‘Why, it’s Lady Chatterley! Why!’ And Mrs Flint’s eyes glowed again, and she flushed like a young girl.


    There are many meaning for the word "little". One Chinese version translated little thing as "person with lower social position". But I suspect it means "narrow-minded" or "snob person". However, no dictionary supports me.

    Could you please give me an explanation?
    Thank you in advance
    Here "little" does not mean social position, not narrow-minded, not snob. It means physically small. A small woman.

    A "little thing" is a term used for a (small) woman. Common in Texas. Usually goes along with an adjective: "she is the sweetest little thing you ever met". "Well, aren't you the most stubborn little thing". It is talking down a little, but not enough to be insulting.

    It could be used for a small child as well, "cutest little thing".
     

    Hermione Golightly

    Senior Member
    British English
    I am reasonably confident that here, 'little' doesn't refer to Mrs Flint's size. It certainly does when the baby is described. It would be very strange in British English to put the adjectives 'false' and 'little' together. This novel isn't set in Texas.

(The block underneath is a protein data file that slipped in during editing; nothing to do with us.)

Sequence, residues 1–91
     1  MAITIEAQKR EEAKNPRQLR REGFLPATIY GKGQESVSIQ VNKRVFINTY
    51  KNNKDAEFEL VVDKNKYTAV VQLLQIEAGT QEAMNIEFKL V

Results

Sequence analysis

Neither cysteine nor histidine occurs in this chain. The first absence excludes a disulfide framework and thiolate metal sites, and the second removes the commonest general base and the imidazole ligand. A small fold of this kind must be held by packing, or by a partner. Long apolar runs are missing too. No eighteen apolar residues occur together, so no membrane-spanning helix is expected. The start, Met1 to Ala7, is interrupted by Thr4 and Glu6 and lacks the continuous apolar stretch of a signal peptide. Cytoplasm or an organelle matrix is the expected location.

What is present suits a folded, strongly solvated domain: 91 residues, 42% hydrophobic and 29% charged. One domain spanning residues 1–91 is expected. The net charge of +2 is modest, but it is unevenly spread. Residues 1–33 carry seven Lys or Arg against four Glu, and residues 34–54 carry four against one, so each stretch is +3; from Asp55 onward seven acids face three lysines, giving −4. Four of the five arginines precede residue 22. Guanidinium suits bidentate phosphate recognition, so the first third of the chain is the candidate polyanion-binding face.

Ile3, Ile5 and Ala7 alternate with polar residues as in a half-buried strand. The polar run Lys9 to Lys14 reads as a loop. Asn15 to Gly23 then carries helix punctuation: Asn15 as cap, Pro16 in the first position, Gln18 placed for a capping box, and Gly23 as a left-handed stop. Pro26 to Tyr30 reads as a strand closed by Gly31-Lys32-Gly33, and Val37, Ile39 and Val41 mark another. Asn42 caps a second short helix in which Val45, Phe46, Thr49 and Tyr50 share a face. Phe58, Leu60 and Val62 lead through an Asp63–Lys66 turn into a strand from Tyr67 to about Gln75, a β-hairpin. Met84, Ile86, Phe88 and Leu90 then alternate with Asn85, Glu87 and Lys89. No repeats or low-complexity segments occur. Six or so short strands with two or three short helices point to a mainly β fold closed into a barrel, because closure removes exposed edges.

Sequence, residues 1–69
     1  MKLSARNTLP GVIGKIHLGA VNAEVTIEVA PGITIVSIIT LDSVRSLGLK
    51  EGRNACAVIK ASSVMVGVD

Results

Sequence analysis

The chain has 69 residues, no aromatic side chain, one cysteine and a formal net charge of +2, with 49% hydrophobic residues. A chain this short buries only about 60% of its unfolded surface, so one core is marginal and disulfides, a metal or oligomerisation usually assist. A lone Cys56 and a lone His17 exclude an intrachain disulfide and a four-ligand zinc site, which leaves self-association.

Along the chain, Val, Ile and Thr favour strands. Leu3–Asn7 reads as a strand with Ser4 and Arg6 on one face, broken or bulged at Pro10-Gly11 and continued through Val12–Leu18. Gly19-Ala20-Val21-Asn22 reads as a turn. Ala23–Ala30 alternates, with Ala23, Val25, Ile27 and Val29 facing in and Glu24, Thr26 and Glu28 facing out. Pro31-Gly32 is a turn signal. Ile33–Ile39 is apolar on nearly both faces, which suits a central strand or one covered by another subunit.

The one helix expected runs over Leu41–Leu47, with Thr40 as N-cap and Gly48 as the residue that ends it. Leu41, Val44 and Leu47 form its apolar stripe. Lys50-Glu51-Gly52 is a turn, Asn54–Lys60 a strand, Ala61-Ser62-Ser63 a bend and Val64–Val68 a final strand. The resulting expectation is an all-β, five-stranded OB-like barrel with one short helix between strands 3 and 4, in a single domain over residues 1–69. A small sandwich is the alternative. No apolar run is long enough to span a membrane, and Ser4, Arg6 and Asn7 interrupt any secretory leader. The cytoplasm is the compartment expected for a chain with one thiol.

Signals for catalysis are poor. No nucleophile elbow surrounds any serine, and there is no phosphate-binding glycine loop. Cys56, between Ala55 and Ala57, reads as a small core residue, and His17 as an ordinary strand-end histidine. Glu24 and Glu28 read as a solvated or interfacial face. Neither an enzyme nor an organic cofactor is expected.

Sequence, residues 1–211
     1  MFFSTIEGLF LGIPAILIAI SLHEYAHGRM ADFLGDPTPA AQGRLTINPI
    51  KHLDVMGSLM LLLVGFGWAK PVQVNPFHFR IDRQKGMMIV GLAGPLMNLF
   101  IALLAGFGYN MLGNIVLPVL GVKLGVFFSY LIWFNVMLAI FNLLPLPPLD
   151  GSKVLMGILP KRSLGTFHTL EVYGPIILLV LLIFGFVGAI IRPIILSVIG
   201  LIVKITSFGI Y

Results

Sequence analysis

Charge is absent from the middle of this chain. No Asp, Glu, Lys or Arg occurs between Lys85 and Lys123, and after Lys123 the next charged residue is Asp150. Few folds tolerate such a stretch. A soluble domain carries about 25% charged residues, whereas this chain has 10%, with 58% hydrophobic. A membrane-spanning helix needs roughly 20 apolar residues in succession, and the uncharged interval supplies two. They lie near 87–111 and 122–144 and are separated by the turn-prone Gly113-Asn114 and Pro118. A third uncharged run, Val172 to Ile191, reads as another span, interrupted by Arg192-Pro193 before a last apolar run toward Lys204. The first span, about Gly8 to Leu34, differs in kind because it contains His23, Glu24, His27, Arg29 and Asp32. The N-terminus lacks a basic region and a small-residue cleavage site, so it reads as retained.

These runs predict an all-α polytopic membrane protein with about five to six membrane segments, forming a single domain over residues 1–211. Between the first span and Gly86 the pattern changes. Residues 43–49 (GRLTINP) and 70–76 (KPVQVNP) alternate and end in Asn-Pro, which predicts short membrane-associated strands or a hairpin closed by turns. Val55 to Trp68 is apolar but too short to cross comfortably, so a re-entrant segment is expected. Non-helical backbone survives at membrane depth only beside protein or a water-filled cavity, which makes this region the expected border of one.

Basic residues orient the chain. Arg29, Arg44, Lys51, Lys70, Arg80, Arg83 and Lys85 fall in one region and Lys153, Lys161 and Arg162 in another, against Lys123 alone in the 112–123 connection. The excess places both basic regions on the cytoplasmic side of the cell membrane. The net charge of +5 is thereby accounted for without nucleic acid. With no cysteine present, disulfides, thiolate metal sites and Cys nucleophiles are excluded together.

Even when one says a 'sweet little thing' of a grown woman, it doesn't refer to the woman's size. It's derogatory. It strongly suggests that metaphorically the woman is of lesser status ('stature') than the speaker. The Flints are tenants of the Chatterleys. Constance is irritated by the woman's fussing and making such a show for her, not allowing her to leave by the back door for example. That's an example of 'littleness'.
     

    bennymix

    Senior Member
    Hermione: Constance is irritated by the woman's fussing and making such a show for her, not allowing her to leave by the back door for example. That's an example of 'littleness'.

    ===
    Just my opinions below, Hermione; yours are always enlightening. :)
    I've read through the conversation and it seems quite pleasant. I see no signs of 'irritation' or displeasure in Connie.
    It's simply a bit of play-acting, the tea ceremony; in that sense, the interaction is false--artificial-- in that no one is revealing their authentic self (a Lawrence theme). Mrs. Link loves the artifice of 'polite society'.
     
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    velisarius

    Senior Member
    British English (Sussex)
    I think Constance believes this woman is "insincere": although she used to be a school-teacher, she is not the kind of educated woman Connie can have a conversation with on equal social and intellectual terms. I feel Connie wants female company at this point and may even have a great need to have a chat with another female who might understand her to some extent. But they aren't on the same wavelength - that's why the other is "false". "Little thing" (even though they are the same age) shows that our Connie feels some contempt for her.